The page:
In the shadow of the dark twin – proving criminality in money laundering cases

Author:Kenneth Murray
Position:Forensic Accountancy, Police Scotland, Glasgow, UK
Pages:447-458
SUMMARY

Purpose This paper aims to highlight the persistent influence of the concept of “predicate offence” in respect of how the crime of money laundering is conceived and discussed, and to discuss how this inhibits the ability to prosecute the crime even where, as is the case in the UK, “predicate offence” is not a requirement of the relevant legislation. Design/methodology/approach Discussion of a recent UK Supreme Court judgment, R... (see full summary)

 
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In the shadow of the dark
twin – proving criminality in
money laundering cases
Kenneth Murray
Forensic Accountancy, Police Scotland, Glasgow, UK
Abstract
Purpose – This paper aims to highlight the persistent inuence of the concept of “predicate offence” in
respect of how the crime of money laundering is conceived and discussed, and to discuss how this
inhibits the ability to prosecute the crime even where, as is the case in the UK, “predicate offence” is not
a requirement of the relevant legislation.
Design/methodology/approach – Discussion of a recent UK Supreme Court judgment, R v GH, in
particular, how the import of it appears to contrast with perceptions offered by the experience of two
recent money laundering convictions on Scotland, where no evidence was led on establishing the money
was criminal before the criminal act was libelled as money laundering. Design of modern money
laundering schemes are illustrated and assessed in terms of how they can be prosecuted in the context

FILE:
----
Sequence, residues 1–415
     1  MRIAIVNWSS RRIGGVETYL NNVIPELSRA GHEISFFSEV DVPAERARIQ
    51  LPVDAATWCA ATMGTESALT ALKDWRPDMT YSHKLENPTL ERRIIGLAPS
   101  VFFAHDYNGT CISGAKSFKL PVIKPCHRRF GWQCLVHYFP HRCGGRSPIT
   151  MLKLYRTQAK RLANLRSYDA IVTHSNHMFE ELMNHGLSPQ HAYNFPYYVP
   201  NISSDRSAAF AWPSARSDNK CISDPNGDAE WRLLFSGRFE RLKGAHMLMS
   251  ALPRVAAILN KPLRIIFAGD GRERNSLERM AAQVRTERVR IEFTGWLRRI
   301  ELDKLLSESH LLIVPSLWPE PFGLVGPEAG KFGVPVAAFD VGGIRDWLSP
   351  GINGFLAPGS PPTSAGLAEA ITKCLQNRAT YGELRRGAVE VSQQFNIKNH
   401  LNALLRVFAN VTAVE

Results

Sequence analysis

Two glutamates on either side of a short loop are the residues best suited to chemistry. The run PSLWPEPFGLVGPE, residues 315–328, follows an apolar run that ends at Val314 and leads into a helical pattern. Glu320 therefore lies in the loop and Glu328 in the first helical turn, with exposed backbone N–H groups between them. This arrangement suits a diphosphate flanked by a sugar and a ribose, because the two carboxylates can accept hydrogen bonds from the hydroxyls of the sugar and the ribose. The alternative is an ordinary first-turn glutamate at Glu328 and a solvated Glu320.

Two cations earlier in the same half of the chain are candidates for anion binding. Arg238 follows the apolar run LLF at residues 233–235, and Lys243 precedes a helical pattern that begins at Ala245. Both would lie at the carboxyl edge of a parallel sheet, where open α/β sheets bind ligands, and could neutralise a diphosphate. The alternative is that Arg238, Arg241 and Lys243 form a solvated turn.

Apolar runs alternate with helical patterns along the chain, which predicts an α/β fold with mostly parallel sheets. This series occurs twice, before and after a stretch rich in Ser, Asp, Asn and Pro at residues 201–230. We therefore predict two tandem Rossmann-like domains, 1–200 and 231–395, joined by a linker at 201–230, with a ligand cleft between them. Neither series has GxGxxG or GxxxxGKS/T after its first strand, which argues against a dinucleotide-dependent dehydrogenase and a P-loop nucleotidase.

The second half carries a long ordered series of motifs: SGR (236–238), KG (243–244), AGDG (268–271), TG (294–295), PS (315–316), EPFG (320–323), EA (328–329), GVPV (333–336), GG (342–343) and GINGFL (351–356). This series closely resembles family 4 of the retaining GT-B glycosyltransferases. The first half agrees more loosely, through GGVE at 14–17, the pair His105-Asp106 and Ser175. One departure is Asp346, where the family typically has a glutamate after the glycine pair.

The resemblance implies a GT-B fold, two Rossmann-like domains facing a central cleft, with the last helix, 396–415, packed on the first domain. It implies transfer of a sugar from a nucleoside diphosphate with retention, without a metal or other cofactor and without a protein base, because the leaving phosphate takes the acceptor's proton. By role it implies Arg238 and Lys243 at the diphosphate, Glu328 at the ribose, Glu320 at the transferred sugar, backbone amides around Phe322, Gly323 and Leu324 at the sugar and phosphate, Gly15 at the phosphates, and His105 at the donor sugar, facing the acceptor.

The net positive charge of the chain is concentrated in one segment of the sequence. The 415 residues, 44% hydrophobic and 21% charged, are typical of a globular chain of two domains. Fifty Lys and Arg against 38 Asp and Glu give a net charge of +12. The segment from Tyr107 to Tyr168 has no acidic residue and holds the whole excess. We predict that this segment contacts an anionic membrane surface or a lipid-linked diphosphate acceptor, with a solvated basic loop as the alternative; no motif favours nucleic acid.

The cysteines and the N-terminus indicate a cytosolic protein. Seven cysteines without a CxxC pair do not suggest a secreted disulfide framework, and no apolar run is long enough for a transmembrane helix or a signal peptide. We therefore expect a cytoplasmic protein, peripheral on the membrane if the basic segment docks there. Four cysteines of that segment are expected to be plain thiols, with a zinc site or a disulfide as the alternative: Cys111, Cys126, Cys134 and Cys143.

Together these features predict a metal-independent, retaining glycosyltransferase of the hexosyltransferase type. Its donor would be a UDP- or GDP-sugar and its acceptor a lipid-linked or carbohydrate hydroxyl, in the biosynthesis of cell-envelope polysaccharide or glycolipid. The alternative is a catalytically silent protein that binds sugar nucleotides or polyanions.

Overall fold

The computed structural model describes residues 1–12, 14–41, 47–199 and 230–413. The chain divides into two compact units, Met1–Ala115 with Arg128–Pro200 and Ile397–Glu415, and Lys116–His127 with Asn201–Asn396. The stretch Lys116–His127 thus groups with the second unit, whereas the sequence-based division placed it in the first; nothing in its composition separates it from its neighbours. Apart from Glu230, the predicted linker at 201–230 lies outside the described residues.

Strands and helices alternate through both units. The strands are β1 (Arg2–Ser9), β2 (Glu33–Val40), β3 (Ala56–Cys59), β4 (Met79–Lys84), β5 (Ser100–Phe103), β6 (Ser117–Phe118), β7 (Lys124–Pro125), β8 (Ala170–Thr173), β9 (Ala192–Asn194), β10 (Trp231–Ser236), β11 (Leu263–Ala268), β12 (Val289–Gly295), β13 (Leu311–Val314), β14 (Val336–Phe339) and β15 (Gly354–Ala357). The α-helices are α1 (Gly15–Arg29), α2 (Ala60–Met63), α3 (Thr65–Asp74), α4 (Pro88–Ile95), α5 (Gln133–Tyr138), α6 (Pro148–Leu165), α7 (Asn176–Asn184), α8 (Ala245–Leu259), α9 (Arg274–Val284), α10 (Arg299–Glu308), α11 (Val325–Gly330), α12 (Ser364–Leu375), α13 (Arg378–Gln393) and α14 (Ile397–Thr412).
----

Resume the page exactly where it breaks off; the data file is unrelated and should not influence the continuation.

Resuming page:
of prevailing interpretations of the law.
Findings – The effectiveness of the UK money laundering offences as set out in the Proceeds of Crime
Act of 2002 requires revaluation. Clarication is required in respect of how criminality in such cases can
be proved. Consideration should be given to introducing new legislation targeted at the transmission of
money or value under the cover of false documentation.
Research limitations/implications – Clarication is required on how the concept of “irresistible
inference” as established by R v Anwoir can be applied to money laundering cases in light of theRvGH
judgement of the UK Supreme Court.
Practical implications – Upgrade of law enforcement knowledge base and investigation skills is
required to prosecute existing money laundering offences more effectively, but the lack of clarity as to
what will sufce as proof of criminality serves to inhibit the investigation of these crimes as well as their
prosecution.
Social implications – Protection of democracies, democratic institutions and the communities they
serve from the corrupting inuence of laundered criminal money through more effective prosecution of
money laundering offences.
Originality/value – To encourage discussion on whether the relevant legislation remains t for
purpose and what practical measures can be taken to improve it.
Keywords Money laundering, Irresistible inference, Proving criminality
Paper type Viewpoint
Money Laundering offences have not been used against organised crime groups to the
extent originally envisaged when the Proceeds of Crime Act 2002 was enacted in the UK.
The issue of proving criminality remains the most difcult practical obstacle. The design of
the POCA legislation was such that specication of a predicate offence was not necessary,
yet the concept of predicate offence still persists in academic discourse as if it is still an
absolute requirement for the offence. The “Placement-Layering-Integration” model used to
The views expressed in this paper are those of the author and should not be taken as those of
Police Scotland.
The current issue and full text archive of this journal is available on Emerald Insight at:
www.emeraldinsight.com/1368-5201.htm
Criminality in
money
laundering
447
Journalof Money Laundering
Control
Vol.19 No. 04, 2016
pp.447-458
©Emerald Group Publishing Limited
1368-5201
DOI 10.1108/JMLC-02-2016-0009

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